The fragile state of web application security has grabbed our attention in recent months with cryptography libraries in the forefront. The fallout from software defects with nicknames like GOTO FAIL and Heartbleed have led technologists to reconsider how they approach encrypting private information in transit. These bugs have also illuminated how difficult it is for the average user to understand modern information security.
As a systems administrator or a developer, one comes to dread catastrophic vulnerability disclosures, as rare as they are today. Whether it's on Microsoft's infamous Patch Tuesday or any other day in the open source world, brows are furrowed onto the first words of a disclosure through until they've assured themselves and their clients are not affected.
Our brows were not furrowed long when it came to Heartbleed. We took care of it immediately, notifying and patching all customers across our cluster by 9am the morning after. As we finished up the job, more than 50% of the top 1000 websites were still vulnerable.
We were grateful for our existing automation and tools, as well as the skills of our ops team. They enabled us to confidently move on with business as usual.
"Et, bien sur!" - because the very next day, we set off to Pycon 2014 in Montreal!
The event's timing was a great opportunity to see and contribute to the Python community's reaction to the recent Heartbleed disclosure and I was personally excited to grab beers with friends in the security community there. These discussions were certainly echoed around the world that week and in the months since, proving the need to take up new best practices and adopt more prudent safeguards on implementations.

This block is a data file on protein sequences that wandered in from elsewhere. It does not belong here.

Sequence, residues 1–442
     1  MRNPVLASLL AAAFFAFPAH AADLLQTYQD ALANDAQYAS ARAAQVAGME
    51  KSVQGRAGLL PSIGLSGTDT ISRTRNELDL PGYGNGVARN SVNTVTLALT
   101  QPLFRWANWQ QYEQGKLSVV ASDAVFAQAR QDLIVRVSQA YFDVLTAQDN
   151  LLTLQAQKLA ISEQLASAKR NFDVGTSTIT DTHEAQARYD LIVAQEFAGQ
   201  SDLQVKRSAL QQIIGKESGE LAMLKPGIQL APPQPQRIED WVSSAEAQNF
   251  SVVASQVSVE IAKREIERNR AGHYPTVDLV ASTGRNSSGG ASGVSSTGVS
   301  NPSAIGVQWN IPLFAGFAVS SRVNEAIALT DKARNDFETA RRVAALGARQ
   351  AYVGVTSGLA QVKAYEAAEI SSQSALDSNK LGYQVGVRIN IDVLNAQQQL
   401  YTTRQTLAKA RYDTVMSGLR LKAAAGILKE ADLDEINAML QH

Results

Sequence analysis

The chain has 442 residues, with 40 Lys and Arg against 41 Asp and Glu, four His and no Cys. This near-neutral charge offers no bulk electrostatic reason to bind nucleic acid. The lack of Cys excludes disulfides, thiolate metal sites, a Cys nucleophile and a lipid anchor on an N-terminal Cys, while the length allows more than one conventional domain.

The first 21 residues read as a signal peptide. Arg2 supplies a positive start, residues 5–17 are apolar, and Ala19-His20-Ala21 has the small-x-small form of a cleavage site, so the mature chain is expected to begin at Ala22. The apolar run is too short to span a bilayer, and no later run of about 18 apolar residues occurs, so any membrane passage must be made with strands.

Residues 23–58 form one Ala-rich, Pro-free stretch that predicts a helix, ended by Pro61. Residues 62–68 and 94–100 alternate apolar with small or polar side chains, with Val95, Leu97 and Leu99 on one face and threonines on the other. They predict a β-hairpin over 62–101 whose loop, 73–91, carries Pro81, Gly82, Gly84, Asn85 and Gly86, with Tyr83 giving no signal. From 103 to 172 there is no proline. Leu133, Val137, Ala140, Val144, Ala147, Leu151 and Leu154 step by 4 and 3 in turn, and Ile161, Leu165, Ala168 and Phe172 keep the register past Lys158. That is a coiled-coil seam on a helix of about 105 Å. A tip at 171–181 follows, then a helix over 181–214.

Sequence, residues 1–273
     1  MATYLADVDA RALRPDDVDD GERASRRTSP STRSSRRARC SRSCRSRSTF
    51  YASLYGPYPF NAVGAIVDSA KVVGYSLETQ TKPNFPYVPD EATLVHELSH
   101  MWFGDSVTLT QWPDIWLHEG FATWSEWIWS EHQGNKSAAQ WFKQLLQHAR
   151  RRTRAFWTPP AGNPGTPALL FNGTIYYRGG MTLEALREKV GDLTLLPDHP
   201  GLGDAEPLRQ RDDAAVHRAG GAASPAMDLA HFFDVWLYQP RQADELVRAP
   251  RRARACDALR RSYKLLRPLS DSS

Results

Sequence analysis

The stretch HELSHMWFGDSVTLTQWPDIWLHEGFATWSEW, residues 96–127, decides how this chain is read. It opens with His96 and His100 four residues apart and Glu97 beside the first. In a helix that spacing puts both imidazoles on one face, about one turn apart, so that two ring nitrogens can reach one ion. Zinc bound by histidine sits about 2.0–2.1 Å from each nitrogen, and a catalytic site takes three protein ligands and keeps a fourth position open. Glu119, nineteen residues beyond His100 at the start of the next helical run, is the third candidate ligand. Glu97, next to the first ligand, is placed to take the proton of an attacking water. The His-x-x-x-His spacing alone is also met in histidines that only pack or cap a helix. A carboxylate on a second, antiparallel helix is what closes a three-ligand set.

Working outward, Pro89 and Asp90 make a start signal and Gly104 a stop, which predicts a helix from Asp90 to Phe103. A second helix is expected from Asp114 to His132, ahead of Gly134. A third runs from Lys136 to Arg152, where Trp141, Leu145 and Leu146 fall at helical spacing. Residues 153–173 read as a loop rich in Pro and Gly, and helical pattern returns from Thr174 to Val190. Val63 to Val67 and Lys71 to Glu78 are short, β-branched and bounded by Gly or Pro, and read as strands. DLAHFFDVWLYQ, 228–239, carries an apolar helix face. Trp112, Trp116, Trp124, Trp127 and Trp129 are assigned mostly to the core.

In particular, Hynek Schlawack presented an excellent talk on The Sorry State of SSL- you can watch it, as well as other talks from the event, at pyvideo.org. The VM Farms team had already read about Hynek's recommendations for cipher suite best practices. Heartbleed motivated us to act decisively:
An attack against a server may also reveal the server's private master key, which would enable attackers to decrypt communications (future or past stored traffic captured via passive eavesdropping, unless perfect forward secrecy is used, in which case only future traffic can be decrypted if intercepted via man-in-the-middle attacks). -- Wikipedia
So, soon after we returned, our team enabled perfect forward secrecy across all our customers' servers. You can see the results of third party SSL testing yourself.
|But for failings in Internet Explorer 9 & 10, it'd be an A+.|
On the client side, if you'd like to learn more about the state of SSL/TLS at the sites you browse most frequently, these browser tools will help you remain vigilant.
SSL Observatory - The Electronic Freedom Foundation has a crowdsourced project to scrutinize the certificates used to secure all of the sites encrypted with HTTPS on the Web for potential fraud and attacks.
HTTPS everywhere - also by the EFF - will default your browser to use secure connections whenever they are available.
Calomel SSL Verification Plugin will validate SSL connection strength as you browse. The toolbar button will change color depending on the strength of encryption from red (weak) to green (strong).
VM Farms provides expert advice and smart operations on our own Canadian cloud. We've been glad to help our customers understand and mitigate risk. If you need an ops team, visit http://vmfarms.com to learn more about why we're a different kind of hosting company.